Three-phase power distribution network communication system

A communication system for a three-phase power distribution network is comprised of a plurality of remote devices, with certain of the remote devices being used as signal repeaters. Injection point circuitry provides an out-going communication signal which is coupled to the three-phase conductors such that each phase conductor carries an identical, independent, outgoing communication signal. The signal repeaters are each coupled to at least two of the three-phase conductors. Each signal repeater includes circuitry for producing a composite signal in response to the coupled signals. The composite signal has a signal-to-noise ratio typically superior to, but not worse than, the signal-to-noise ratio of the best of the coupled signals. The remainder of the remote devices are independently coupled to at least one of the three-phase conductors so as to facilitate communication with each of the remote devices.

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Description

BACKGROUND OF THE INVENTION

1. Field of the Invention

This invention relates in general to power line carrier communication systems, and more specifically, to power line carrier communication systems which utilize a utility power distribution network for communication.

2. Description of the Prior Art

A power distribution network is polyphase in design and requires multi-conductors. The distribution primary is that portion of the distribution system between the distribution substation and the distribution transformer. Typically, the primary side of the distribution system is a three-phase network consisting of three or four conductors. The secondary side of the distribution system is that portion of the system between the primary feeders and the consumer's premises. The secondary side of the distribution system can be either single-phase or polyphase. In either case, the secondary side will typically consist of multi-conductor, two or three-phase service. The power distribution network is designed for the efficient transfer of power at fifty or sixty hertz. While this type of system works well for the distribution of power at power line frequencies, it presents severe problems when used as a communication system.

One problem associated with using the power distribution network as a communication system stems from the fact that the power distribution network is designed to transmit fifty or sixty hertz signals while the carrier communication signal is typically 5 kilohertz to 100 kilohertz. These high frequency communication signals experience extreme attenuation when impressed upon a power line conductor designed for lower frequency signals. Also, the power distribution network is an extremely noisy environment and suffers from large numbers of transients due to the switching on and off of user loads. The switching on and off of user loads may even change the characteristics of the power line conductor, thus effecting the rate of propagation of the carrier communication signal.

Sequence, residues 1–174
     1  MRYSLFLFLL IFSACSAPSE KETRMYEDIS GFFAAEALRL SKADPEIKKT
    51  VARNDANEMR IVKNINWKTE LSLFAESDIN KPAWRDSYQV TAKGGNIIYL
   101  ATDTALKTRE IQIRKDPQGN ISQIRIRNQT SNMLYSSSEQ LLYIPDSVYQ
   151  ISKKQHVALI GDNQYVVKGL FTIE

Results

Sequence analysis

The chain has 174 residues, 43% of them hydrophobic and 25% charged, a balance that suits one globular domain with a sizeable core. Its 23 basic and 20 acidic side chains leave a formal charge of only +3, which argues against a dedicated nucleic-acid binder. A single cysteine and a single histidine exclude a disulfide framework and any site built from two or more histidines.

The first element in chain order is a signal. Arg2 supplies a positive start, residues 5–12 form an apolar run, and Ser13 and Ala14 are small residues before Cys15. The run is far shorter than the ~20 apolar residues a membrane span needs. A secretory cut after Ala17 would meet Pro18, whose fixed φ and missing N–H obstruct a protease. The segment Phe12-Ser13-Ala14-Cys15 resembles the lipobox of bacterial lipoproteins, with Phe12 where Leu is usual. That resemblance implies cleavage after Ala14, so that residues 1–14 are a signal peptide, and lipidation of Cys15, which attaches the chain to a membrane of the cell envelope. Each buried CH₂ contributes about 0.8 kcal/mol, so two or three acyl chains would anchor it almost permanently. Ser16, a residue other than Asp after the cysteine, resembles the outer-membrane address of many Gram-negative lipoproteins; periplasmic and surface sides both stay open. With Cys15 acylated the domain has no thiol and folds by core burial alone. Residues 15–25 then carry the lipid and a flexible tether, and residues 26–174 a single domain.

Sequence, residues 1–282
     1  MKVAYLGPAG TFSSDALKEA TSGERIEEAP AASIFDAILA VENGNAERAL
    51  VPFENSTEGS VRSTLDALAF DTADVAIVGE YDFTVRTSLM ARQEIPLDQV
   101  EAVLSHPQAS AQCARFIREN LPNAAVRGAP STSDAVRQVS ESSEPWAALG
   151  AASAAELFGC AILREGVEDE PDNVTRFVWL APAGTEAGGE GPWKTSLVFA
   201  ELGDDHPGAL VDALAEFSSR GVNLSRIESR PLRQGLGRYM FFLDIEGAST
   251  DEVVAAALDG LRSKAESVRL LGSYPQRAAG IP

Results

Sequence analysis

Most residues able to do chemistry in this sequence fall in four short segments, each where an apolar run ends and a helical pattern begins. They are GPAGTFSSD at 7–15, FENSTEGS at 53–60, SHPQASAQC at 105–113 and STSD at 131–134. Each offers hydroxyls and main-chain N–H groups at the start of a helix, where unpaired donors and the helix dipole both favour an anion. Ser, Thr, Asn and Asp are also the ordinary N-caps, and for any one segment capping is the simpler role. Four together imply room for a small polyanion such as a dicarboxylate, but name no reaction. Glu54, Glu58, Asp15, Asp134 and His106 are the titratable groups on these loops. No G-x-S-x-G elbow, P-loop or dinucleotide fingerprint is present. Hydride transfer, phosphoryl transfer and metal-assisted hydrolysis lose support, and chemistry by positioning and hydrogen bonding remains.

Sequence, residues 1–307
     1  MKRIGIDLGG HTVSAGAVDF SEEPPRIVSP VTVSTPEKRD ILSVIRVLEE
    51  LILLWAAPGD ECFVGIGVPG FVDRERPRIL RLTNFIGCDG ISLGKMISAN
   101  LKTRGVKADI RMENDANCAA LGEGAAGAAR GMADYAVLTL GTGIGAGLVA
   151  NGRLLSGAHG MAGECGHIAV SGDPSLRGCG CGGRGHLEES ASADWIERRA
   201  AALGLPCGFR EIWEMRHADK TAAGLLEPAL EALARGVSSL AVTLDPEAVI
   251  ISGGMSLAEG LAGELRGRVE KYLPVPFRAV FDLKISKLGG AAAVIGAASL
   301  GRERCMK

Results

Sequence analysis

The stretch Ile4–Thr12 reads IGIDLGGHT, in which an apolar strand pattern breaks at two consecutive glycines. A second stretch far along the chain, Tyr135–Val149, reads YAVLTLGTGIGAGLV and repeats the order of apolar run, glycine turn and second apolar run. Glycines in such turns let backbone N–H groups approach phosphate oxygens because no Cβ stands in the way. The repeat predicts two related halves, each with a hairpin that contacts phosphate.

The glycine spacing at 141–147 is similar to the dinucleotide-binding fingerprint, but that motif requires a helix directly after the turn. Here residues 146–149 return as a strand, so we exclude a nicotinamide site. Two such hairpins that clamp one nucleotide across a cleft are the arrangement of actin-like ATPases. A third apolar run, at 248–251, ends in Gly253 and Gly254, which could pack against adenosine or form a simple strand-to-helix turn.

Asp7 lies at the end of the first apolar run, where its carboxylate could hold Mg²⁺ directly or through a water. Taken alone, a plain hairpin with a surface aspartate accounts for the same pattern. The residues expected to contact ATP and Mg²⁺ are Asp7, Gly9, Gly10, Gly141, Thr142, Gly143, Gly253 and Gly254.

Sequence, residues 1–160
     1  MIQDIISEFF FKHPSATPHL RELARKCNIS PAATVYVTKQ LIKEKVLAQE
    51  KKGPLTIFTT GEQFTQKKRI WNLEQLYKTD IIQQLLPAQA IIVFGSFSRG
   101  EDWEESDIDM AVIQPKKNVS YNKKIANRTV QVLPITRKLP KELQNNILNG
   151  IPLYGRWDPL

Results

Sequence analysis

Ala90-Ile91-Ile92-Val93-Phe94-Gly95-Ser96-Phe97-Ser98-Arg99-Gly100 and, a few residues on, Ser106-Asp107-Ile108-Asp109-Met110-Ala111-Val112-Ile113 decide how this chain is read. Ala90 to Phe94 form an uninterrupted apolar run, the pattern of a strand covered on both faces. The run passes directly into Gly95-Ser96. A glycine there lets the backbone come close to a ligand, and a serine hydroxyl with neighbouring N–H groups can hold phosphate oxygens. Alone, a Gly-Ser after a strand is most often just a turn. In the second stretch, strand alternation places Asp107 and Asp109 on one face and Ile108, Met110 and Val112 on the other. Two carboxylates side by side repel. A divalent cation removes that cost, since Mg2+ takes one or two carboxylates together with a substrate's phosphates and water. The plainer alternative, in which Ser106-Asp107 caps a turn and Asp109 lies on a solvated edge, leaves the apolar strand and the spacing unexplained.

One prior art solution is to impress the carrier communication signal upon the phase conductor having the most favorable propagation characteristics. As the characteristics of the phase conductors change with the addition and removal of user loads, the phase conductor to which the carrier communication signal is impressed will also change. However, this presents bookkeeping problems in that each device which the user intends to communicate with must be switched to the proper phase conductor so as to receive the communication signal.

Another prior art solution is to impress the communication signal upon all of the three-phase conductors. Two different methods of impressing the communication signal on each of the three-phase conductors are disclosed in U.S. Pat. Nos. 4,065,763 and 4,188,619. By impressing the communication signal upon each of the three-phase conductors, the bookkeeping problem encountered in the prior art technique discussed above is eliminated.

In U.S. Pat. No. 4,065,763, an impedance matching transformer having multiple secondary taps is used for coupling the communication signal to each of the three-phase conductors. While such a scheme provides an inexpensive method of coupling the communication signal, it suffers from having to use the same magnetic material, i.e., the core of the impedance matching transformer, to couple all three communication signals. When coupling the communication signal to the power distribution network, any noise associated with the signal is coupled to each of the three-phase conductors. When removing the communication signals from the power distribution network, the communication signals will have slightly different phases due to the different propagation rates of each of the three-phase conductors. By using a single magnetic core to remove the communication signals from the power distribution network, the communication signals themselves will subtract because of the phase differences while the noise will add. Thus, the signal utilized by the receiving device will never be better than the best of the received signals, and will typically be worse.